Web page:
Explained: What goes into a will
Many people put off writing a will — which is understandable, given that planning for what happens after you die isn’t something pleasant to think about.
But if you have a family of your own, a partner, or possessions that will need to be distributed in the event of your death, it’s wise to express your intentions for what must happen in the event of your death. If you don’t, there is a law called the Intestate Succession Act that determines how your possessions and money are distributed, which may not be what you had in mind.
Before you write a will, it’s important that you think carefully about its contents. This includes:
- Deciding who to leave possessions to
- Deciding who your children’s’ guardians should be, should you pass away before they turn 18
- Deciding what you want to happen to your body
- Deciding on the executor of your will
Choosing an executor
You need to name the person you’d like to act as executor of your will. This person will make sure that your property is divided according to the wishes you’ve expressed. The executor will also take care of admin, like evaluating your estate (the property and assets you leave behind) and its debts, settling outstanding debts, and distributing or investing your estate as you intended it.
If you don’t choose an executor, the Master of the High Court will appoint someone (usually a family) to the role. Because this is likely to add undue stress to someone already struggling to come to terms with your passing, it is a good idea to appoint a trusted attorney as executor. They will be able to make sure that your will is clear and concise, and that it’s an accurate representation of your wishes. Additionally, they’ll be able to explain the tax implications of the decisions set out in your will.
Most importantly, an experienced attorney will make sure that your will is valid. South African law is strict on the rules and procedures that must be followed here, with emphasis placed on authenticity and validity.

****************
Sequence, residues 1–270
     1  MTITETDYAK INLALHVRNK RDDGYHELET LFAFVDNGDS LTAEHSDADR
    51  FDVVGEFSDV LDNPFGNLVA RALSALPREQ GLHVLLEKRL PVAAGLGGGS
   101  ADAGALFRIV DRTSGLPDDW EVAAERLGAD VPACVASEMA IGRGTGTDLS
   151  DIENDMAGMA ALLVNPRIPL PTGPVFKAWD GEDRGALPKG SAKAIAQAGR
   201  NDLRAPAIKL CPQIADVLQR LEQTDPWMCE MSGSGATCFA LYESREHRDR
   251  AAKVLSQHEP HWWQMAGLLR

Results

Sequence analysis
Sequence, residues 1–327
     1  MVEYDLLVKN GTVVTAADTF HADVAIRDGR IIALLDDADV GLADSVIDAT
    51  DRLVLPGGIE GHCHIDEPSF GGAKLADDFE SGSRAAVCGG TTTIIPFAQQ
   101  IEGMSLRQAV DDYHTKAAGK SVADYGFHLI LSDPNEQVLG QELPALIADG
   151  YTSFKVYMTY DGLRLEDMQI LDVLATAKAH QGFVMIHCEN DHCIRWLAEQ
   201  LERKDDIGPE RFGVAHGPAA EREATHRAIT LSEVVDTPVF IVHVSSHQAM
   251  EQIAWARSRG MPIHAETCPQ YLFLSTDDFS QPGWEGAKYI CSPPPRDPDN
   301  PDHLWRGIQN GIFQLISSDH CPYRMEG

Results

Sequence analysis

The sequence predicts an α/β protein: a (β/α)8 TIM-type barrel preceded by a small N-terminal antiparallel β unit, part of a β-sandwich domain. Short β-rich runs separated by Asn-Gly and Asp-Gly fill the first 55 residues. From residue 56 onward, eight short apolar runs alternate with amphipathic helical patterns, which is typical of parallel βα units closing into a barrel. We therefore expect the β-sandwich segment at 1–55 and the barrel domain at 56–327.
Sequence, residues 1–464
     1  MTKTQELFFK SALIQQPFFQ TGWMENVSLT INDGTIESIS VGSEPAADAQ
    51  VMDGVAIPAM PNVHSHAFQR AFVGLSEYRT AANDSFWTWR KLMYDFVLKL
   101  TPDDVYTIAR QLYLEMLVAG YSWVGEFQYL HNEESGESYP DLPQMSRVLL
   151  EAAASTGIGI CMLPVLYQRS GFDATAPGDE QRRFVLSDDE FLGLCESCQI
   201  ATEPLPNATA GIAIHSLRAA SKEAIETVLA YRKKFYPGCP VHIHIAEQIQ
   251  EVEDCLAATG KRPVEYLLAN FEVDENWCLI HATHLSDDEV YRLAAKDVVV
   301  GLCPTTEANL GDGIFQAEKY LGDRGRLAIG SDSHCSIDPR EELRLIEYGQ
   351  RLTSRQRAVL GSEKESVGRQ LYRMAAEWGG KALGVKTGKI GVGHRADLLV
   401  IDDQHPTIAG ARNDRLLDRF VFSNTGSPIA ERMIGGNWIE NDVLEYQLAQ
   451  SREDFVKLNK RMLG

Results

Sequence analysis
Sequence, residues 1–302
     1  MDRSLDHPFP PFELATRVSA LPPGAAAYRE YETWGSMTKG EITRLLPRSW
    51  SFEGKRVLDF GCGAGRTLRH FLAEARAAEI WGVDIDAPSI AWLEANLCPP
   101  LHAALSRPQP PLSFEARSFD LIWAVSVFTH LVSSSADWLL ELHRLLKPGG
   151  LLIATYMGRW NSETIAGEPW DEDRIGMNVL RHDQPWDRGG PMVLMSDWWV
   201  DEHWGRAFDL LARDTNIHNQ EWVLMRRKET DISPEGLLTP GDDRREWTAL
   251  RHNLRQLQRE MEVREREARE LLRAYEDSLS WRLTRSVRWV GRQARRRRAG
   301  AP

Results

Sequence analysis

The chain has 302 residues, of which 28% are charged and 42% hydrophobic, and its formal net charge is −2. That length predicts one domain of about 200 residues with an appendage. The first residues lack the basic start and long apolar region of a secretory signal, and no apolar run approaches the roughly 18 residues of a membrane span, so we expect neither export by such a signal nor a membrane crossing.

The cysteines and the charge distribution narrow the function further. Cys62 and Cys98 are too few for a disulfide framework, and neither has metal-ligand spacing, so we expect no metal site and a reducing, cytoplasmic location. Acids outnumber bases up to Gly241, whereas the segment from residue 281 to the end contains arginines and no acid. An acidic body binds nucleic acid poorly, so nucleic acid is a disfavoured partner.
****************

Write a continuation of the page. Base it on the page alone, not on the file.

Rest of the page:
According to the Wills Act, there are several requirements which must be adhered to in order to render a Will valid. An experienced attorney will be able to assist you in drawing up a Will, but here are some points to consider.
Your intentions and wishes must be expressed in writing
A verbal will, including one recorded on video, is not valid. While a will can either be typed or handwritten, if it is written by hand by someone other than you, the scribe is not allowed to be named as a beneficiary in that will – for obvious reasons!
Your will must be signed
You need to sign each page of your will, and you also need to ask two competent witnesses (who also cannot be beneficiaries) to sign it.
All three signatories need to be in each other’s presence when they sign the will – to ensure that no changes of which you are unaware are made to your will, your witnesses need to sign it at the same time as you do, and in your presence.
If, for any reason, you cannot sign your will, you can use your thumbprint or a mark such as a cross to signify your acceptance of its contents, as long as you do so in the presence of a Commissioner of Oaths as well as your two witnesses.
Collect the necessary supporting documents
You’ll need to supply the following when you draw up your will:
- Name and identity number of the executor
- Name and identity number of your spouse, as well as the details of your marriage (whether you’re married in or out of community of property), as well as a copy of your marriage certificate and, if applicable, a copy of your decree of divorce and settlement agreement)
- Names and identity numbers of all the children, grandchildren dependents listed as beneficiaries
- Names and identity numbers of your minor children’s’ guardians
- Details of organisations or institutions listed as beneficiaries
- Copies of title deeds or bond registrations for immovable property
- Copies of all your insurance policies
- A list of liabilities
You can revoke or change your will
If you change your mind about conditions set out in your will, or if your circumstances change, you can change it whenever, and as often, as you like – as long as each new version meets the stipulations set out above. If not, the most recent version that does will be regarded as your final will.
To make sure that your loved ones are adequately provided for, contact us on 011 347 0300 or email@example.com for help drawing up your will. If you book an appointment during the Law Society of South Africa’s Wills Week, which runs from 26 to 30 October, we’ll do it for free!